August 24, 2014 Leave a comment
I schedule an annual instrument proficiency check before the Pacific Northwest skies turn gray as fall arrives. The tasks that you must accomplish to complete an IPC are outlined in the practical test standards for the instrument rating and in an appendix to Instrument Proficiency Check (IPC) Guidance, published by FAA.
Instrument Proficiency Check. 14 CFR part 61, section 61.57(d), sets forth the requirements for an instrument proficiency check. The person giving that check shall use the standards and procedures contained in this PTS when administering the check. A representative number of Tasks, as determined by the examiner/instructor, must be selected to assure the competence of the applicant to operate in the IFR environment. As a minimum, the applicant must demonstrate the ability to perform the Tasks as listed in the [chart below]. The person giving the check should develop a scenario that incorporates as many required tasks as practical to assess the pilot’s ADM and risk management skills during the IPC. See Appendix 2 for IPC AATD Credit Table. (FAA-S-8081-4E with Changes 1, 2, 3, 4, & 5)
As you can see, the required items include VII–Emergency Operations, Task D: Approach with Loss of Primary Flight Instrument Indicators. The notes for that task in the PTS specify that the pilot, “Demonstrat[e] a non-precision instrument approach without the use of the primary flight instrument using the objectives of the non-precision approach Task (Area of Operation VI, Task A).”
In an airplane with conventional instruments (the so-called steam gauges), the instructor covers the attitude indicator with a suction cup, business card, or sticky note.
Like many pilots, however, I’ve updated my instrument panel. It now features a Garmin G500 electronic display that replaces six traditional primary flight instruments (airspeed indicator, attitude indicator, altimeter, vertical speed indicator, heading indicator, and turn coordinator). I have a backup attitude indicator, ASI and altimeter in the self-contained Mid-Continent SAM.
Now, avionics manufacturers and the FAA have advised against pulling circuit breakers to simulate failures of electronic displays the behind-the-scenes gizmos that drive them (e.g., attitude-heading reference systems). Plastering expensive displays—especially touch-screens–with sticky notes isn’t a good idea. So, how to simulate the failure of the PFD (the left side of the G500)—or, indeed the entire GDU 620, the two-panel display that shows the flight instruments and a map?
For more information about using CBs to simulate failures, see Garmin’s G1O00 Guide for Designated Pilot Examiners and Certified Flight Instructors. That document notes in part:
Cessna does not recommend pulling circuit breakers as a means of simulating failures on the Garmin G1000. Pulling circuit breakers—or using them as switches—has the potential to weaken the circuit breaker to a point at which it may not perform its intended function. Using circuit breakers as switches is also discouraged in Advisory Circulars 120-80, 23-17B, and 43.13-1B. Additionally, a circuit breaker may be powering other equipment (such as avionics cooling fans) that could affect the safe operation of other equipment.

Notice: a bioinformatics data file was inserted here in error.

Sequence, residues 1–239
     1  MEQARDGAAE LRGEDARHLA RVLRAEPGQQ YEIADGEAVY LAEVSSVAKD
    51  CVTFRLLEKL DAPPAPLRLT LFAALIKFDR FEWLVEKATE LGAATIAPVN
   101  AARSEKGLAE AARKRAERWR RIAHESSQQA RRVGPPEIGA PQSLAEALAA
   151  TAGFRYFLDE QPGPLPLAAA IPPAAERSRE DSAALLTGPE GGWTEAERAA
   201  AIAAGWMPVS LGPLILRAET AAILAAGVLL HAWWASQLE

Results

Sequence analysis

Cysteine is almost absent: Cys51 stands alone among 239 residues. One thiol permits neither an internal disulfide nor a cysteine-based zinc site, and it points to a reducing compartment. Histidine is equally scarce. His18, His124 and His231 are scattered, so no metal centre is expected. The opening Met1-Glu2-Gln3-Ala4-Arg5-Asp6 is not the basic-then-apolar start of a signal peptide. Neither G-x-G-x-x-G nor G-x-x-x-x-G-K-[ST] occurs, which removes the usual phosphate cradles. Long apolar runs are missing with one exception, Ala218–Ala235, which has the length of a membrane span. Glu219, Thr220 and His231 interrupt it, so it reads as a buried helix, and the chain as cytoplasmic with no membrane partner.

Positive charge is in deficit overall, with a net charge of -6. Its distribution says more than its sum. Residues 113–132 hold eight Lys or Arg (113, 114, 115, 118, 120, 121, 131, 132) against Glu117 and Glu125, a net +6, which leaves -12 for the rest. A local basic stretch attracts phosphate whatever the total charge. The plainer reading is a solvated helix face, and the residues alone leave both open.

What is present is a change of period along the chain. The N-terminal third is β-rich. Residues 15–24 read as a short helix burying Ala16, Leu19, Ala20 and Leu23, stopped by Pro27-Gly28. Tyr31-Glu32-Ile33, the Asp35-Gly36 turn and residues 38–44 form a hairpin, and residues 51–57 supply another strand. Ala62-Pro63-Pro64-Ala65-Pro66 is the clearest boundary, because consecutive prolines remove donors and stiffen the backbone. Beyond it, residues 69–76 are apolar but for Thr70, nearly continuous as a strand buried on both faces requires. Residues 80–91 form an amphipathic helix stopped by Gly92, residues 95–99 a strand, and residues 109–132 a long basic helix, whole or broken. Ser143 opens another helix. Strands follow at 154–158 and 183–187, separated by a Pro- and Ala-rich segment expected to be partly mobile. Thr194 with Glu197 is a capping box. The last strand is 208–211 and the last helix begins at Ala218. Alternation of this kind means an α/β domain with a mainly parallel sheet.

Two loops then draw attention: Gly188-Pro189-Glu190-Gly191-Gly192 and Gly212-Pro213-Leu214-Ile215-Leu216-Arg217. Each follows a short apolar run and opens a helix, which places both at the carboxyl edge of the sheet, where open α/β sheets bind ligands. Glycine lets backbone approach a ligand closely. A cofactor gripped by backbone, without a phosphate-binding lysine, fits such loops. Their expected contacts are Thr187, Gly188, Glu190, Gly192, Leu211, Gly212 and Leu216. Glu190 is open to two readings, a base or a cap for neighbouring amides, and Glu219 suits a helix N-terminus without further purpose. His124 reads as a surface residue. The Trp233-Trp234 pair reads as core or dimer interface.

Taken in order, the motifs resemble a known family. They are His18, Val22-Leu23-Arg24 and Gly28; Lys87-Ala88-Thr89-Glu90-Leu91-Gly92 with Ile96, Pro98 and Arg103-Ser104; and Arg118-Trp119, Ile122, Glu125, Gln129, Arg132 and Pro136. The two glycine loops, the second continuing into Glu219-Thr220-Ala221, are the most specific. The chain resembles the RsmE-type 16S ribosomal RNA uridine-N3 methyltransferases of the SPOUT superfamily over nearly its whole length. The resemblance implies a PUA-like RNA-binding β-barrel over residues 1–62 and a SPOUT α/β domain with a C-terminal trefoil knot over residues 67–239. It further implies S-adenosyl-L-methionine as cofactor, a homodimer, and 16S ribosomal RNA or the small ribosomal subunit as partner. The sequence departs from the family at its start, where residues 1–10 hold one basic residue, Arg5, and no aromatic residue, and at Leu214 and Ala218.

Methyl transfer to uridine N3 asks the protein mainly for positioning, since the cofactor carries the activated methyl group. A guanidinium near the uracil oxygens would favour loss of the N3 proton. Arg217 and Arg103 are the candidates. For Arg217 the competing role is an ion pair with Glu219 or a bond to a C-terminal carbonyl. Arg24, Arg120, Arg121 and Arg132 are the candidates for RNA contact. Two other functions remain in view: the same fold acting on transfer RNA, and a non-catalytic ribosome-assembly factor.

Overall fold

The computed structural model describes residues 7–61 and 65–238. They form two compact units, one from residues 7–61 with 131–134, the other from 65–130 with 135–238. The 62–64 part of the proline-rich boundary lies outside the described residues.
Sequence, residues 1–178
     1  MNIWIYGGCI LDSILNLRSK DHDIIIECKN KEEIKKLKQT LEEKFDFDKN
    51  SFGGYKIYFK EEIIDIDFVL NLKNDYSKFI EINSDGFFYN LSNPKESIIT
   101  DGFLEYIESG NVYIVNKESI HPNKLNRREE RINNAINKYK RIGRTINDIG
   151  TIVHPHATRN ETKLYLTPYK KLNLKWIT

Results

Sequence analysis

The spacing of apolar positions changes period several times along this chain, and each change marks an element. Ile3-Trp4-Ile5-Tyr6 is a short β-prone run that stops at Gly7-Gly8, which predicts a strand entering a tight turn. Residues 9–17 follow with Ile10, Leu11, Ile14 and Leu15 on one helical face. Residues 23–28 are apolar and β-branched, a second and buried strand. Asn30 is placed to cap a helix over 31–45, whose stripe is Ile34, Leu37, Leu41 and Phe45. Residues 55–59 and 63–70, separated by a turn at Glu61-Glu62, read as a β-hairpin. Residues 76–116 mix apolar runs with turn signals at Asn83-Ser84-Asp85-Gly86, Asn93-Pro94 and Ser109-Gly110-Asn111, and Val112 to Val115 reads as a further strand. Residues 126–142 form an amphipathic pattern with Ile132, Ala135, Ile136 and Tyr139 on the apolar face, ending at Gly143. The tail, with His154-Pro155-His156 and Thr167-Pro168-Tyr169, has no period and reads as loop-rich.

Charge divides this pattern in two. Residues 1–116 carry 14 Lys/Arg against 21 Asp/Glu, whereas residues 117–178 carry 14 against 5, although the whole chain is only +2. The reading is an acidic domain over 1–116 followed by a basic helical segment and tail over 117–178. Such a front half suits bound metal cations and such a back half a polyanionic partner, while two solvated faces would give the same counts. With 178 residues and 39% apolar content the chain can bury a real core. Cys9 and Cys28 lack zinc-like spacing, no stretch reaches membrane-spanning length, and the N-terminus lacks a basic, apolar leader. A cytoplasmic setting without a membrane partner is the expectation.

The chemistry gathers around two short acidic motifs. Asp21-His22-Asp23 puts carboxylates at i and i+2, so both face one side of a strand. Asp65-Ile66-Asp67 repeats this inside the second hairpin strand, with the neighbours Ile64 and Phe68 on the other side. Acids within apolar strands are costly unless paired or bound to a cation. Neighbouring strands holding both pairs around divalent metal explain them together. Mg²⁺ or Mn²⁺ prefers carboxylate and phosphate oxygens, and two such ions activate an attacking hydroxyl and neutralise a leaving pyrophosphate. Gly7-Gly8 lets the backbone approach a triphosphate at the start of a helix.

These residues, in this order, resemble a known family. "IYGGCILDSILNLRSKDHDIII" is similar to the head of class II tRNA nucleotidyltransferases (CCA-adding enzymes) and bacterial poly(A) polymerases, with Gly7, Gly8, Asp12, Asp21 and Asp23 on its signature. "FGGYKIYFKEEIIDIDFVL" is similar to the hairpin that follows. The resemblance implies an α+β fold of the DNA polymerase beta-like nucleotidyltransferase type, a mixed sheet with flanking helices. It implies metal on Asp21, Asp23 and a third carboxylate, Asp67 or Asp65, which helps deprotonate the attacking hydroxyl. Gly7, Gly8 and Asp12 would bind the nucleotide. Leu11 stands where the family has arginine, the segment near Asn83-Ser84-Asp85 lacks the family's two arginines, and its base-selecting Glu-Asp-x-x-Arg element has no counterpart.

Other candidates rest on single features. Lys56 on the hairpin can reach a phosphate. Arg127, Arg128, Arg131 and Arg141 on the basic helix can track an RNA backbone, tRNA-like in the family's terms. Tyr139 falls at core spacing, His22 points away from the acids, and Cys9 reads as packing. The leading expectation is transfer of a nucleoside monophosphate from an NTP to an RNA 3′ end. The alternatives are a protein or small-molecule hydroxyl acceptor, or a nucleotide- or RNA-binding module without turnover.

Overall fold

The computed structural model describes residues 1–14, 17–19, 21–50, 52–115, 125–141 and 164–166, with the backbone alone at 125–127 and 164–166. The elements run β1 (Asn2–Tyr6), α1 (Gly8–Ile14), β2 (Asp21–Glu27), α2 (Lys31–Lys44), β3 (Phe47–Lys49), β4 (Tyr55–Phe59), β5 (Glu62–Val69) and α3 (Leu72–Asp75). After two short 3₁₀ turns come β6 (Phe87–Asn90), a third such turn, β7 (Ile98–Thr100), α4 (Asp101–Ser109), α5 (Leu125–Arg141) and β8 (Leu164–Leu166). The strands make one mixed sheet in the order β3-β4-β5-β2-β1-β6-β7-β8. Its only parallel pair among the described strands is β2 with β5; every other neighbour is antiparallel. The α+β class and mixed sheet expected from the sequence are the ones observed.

For the map side, it’s easy—select a page that shows, say, A/FD information or one of the AUX pages. They’re useless as references during an approach.
After much deep thought, I came up with the following solution for the PFD side: A piece of cardboard taped above the display. Here’s the item lying in wait in the holder that I use for my iPad.
And here it is in place, covering most of the PFD.
Inelegant to be sure. I’ll trim it to size next time. But it’s simple, non-destructive, cheap, and easy to put in place and remove. In a aircraft used primarily for training, I’d consider a strip of Velcro above the PFD.
If you wanted to “fail” just the attitude indicator and leave the ASI, altimeter, VSI, HI, CDI, bearing pointers, and other information visible, you could trim the cardboard so that it covers only the AI portion of the PFD.
Today, however, I wanted to simulate a complete failure of the GDU 620 to see how well I could fly an approach using the SAM and the navigation information on the GTN750 and the chart on my iPad. Per the PTS, I was flying a non-precision approach, so I didn’t need a glideslope indicator.
To set up descents on each segment of the approach, I applied the Pitch+Power+Configuration=Performance equation, knowing that at a specified power setting and pitch in a given configuration (flaps and landing gear positions), I would descend at approximately 600 fpm at a stable airspeed. Tracking the courses was a bit more difficult than when using the HSI, but this was a simulated emergency, so I used all available sources, including the depiction of my airplane on the GTN750 moving map and the approach chart displayed (via ForeFlight) on my iPad. By making small, coordinated turns based on the SAM, I never wandered more than about a dot off the centerline of any segment of the approach. The graphical information made meeting altitude restrictions easier. And the trend vectors that show how your current track relates to the required course were also a big help in making smooth, small heading changes.
I plan to use this high-tech failure simulator in the future when I practice flying instrument procedures (in VMC, of course) to maintain my proficiency. Note that this device would also work well in ATDs and FTDs that feature glass cockpits.